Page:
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Exploring manuscript making techniques with help of cats -
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10 May
I want some alum-tawed thongs for a bookbinding project. Does a search on the internet help? It does not (unless I want a whole animal skin for £££). But I DO have a sheep skin that I salted from last year. So I’m going to make my own #teachingmanuscripts Image
I cut off some strips from the bottom of the skin and give it a bit of a haircut Image
I need to rinse all the salt out first in water. I got this skin last October and salted it straight away. It’s been stored all winter in an airtight container, and it looks pretty good 👍 Image
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6 Apr
Time to smash some lapis! #teachingmanuscripts ImageImage
Make sure your pestle is wearing a pretty skirt when grinding the smaller chunks, otherwise you’ll lose some lapis ImageImage
Separating the impurities before grinding any finer 😩 Image
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5 Jun 20
Tyrian (or imperial) purple was by far the most superior colour in the ancient and medieval world, but is very expensive. Mohammed Ghassen Nouira makes Tyrian purple using traditional Phoenician methods, with fantastic results. I hope to work with him soon…
Orchil purple, obtained from lichens, was a cheaper alternative, and probably used in the Book of Kells. However, it is hard to source and ecologically unwise to do so. Isabella Whitworth has done a lot of work on dyeing textiles with orchil…
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19 Jan 20
It’s time for more #medievalstuffwithcats! I made this zodiac illumination. If you want to know a bit more about the process, read on… ImageImage
The zodiac roundels come from the calendar in British Library, Royal MS 1 D X… (note that some of the roundels are not exactly round) ImageImage
I decided to do this illumination because I want to start working on larger pieces of parchment. I used 8” x 10” (a bit smaller than A4). This feels like a decent size for a folio, although if we were working in a scriptorium this would be double the size and folded in the centre Image
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8 Mar 19
Making medieval stuff with cats! This time it’s quills! #medievaltwitter #medievalmanuscripts #quills #heritagecrafts ImageImage
2. Quills were probably used before this - but the earliest reference to them is by Isidore of Seville, from his Etymology in the 7th century. Here he is in the Aberdeen Bestiary, writing with a (surprise!) quill… Image
3. In book 6.14.3 of his Etymology he writes - Instrumenta scribae calamus et pinna (the scribe’s tools are the reed-pen and the quill). This 12thC copy is a particularly #nuntastic example, written by 8 female scribes from Abbey of Munsterbilsen (BL, Harley MS 3099, ff.1v,45r-v) ImageImageImage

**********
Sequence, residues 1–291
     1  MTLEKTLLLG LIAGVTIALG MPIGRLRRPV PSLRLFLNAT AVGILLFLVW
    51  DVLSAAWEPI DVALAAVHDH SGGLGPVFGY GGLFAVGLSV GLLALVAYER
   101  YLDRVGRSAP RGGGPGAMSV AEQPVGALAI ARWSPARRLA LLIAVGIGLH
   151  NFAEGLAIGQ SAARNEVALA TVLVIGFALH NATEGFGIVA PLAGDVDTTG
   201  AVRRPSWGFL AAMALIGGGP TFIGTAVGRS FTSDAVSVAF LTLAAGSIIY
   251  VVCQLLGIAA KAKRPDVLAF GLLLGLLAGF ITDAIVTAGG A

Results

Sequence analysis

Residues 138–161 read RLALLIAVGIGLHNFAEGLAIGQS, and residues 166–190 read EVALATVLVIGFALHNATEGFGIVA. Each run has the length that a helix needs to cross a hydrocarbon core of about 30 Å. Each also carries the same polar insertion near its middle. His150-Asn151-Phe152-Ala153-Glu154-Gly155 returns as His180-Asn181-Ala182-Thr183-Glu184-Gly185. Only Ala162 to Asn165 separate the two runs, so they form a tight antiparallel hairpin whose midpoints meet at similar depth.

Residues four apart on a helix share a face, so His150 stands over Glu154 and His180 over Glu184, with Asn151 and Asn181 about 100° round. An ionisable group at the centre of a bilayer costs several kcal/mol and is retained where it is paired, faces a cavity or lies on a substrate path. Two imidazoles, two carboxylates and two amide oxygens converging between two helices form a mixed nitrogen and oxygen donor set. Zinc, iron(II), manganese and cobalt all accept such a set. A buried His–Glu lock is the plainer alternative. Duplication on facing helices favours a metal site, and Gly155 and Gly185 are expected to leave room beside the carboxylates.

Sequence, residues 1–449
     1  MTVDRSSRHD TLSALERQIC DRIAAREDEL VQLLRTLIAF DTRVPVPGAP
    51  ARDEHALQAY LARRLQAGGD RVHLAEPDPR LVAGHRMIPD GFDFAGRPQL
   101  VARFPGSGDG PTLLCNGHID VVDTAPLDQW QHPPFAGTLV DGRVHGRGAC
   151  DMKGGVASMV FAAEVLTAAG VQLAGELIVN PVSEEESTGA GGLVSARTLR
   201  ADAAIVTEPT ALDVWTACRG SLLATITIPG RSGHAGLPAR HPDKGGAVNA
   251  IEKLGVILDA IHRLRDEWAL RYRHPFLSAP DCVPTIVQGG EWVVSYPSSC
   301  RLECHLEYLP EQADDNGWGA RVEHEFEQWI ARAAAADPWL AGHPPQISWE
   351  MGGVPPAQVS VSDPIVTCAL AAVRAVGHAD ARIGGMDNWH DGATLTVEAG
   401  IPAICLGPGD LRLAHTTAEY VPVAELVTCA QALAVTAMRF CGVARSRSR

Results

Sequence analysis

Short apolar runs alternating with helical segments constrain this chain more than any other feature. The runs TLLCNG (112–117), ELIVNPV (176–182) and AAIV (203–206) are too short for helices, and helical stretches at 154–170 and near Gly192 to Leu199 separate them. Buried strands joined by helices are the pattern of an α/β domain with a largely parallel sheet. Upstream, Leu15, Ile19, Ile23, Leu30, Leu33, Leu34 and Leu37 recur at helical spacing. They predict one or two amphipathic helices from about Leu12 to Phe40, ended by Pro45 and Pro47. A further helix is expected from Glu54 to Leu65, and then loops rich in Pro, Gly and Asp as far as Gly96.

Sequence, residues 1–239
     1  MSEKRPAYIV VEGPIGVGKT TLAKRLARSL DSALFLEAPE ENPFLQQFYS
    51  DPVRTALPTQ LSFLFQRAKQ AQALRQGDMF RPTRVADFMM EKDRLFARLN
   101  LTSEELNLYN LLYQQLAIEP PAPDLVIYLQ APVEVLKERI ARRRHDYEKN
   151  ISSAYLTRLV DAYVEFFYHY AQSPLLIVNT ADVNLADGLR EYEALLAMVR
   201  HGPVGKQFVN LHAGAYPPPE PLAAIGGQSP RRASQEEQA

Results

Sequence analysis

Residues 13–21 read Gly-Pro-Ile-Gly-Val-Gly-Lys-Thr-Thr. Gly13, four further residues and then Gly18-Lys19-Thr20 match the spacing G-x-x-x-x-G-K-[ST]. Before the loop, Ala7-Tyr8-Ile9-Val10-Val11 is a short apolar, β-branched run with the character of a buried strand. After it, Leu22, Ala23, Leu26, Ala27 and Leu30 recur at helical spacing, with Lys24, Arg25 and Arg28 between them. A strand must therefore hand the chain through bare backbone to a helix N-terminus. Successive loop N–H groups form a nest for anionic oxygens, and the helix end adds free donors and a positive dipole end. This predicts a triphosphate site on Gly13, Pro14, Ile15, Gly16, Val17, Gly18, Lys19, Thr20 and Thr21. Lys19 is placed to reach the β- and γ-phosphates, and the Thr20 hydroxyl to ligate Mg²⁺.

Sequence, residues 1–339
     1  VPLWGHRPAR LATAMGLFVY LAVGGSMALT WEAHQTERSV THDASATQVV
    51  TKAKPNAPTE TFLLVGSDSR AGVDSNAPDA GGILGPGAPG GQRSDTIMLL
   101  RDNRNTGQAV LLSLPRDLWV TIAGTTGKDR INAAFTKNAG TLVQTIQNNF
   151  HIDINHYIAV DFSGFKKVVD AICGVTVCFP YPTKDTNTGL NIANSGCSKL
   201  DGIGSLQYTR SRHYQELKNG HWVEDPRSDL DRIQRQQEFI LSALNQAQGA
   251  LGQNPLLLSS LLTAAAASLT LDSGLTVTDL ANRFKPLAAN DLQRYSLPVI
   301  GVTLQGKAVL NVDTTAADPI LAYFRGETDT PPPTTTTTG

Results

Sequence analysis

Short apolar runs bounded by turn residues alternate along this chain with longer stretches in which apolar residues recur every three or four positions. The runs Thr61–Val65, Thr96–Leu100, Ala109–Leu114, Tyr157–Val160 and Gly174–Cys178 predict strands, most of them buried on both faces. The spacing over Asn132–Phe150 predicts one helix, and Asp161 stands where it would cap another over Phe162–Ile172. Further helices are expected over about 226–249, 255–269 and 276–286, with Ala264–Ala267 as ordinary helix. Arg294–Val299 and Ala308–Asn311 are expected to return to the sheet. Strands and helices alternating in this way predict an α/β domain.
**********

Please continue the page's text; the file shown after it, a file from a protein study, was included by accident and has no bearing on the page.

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18 Jan 19
This 12th-century manuscript has instructions on various arts and crafts. The section De imponendo auro has advice on illuminating manuscripts with loose gold leaf (BL, Harley MS 3915, fol. 12r-v)…#illuminatedmanuscripts #medievaltwitter #artsandcrafts
It’s from Theophilus’s De diversis artibus, compiled c.1125. This is before gesso was being used, as it instructs to take the clear part of the beaten egg white, and paint it on to the manuscript where the gold is to be applied
The best bit is this:
et hora oportet te a vento cavere, et ab halitu continere, quia si flaveris, petulam perdes et difficile reperies -
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1 Jan 19
Excuse me, Medievals. We made some gesso! #medievaltwitter #heritagecrafts #medievalmanuscripts #catsoftwitter ImageImageImageImage
Gesso is the sticky stuff that medieval illuminators used to attach the gold leaf to the parchment. Originally, egg glair or gum arabic was used, which was fine, but very flat. By 13th C, a new chalky mixture was used, raising the gold off the page (BL, Royal MS 1 D X, fol. 3v) Image
In these images, you can see where gesso has been applied but no gold leaf (fol. 54v), and also where the gold leaf has flaked off to reveal the gesso underneath (fol. 30v) - BL, Add MS 42555… ImageImage
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31 Aug 18
Here's a thread about the iron gall ink I have just made. I’m not artistic, crafty or very in tune with nature, but as someone who researches medieval manuscripts, I wanted to experience the process. And surprisingly, so did my cat #heritagecrafts #irongallink #medievaltwitter ImageImageImageImage
2. There is some open ground behind my house, so I went for a forage for some oak galls. I didn't really know if I would be able to recognise what I was looking for, and it took me a while to find any. But, once I had spotted one, I got my eye in ImageImageImage
3. Based on my vast experience of one foraging trip, I found them much easier to spot on smaller, younger oak trees. This little one in particular had loads - I got about twelve from it. In less than an hour, I had collected this lot - 123 grams ImageImageImage
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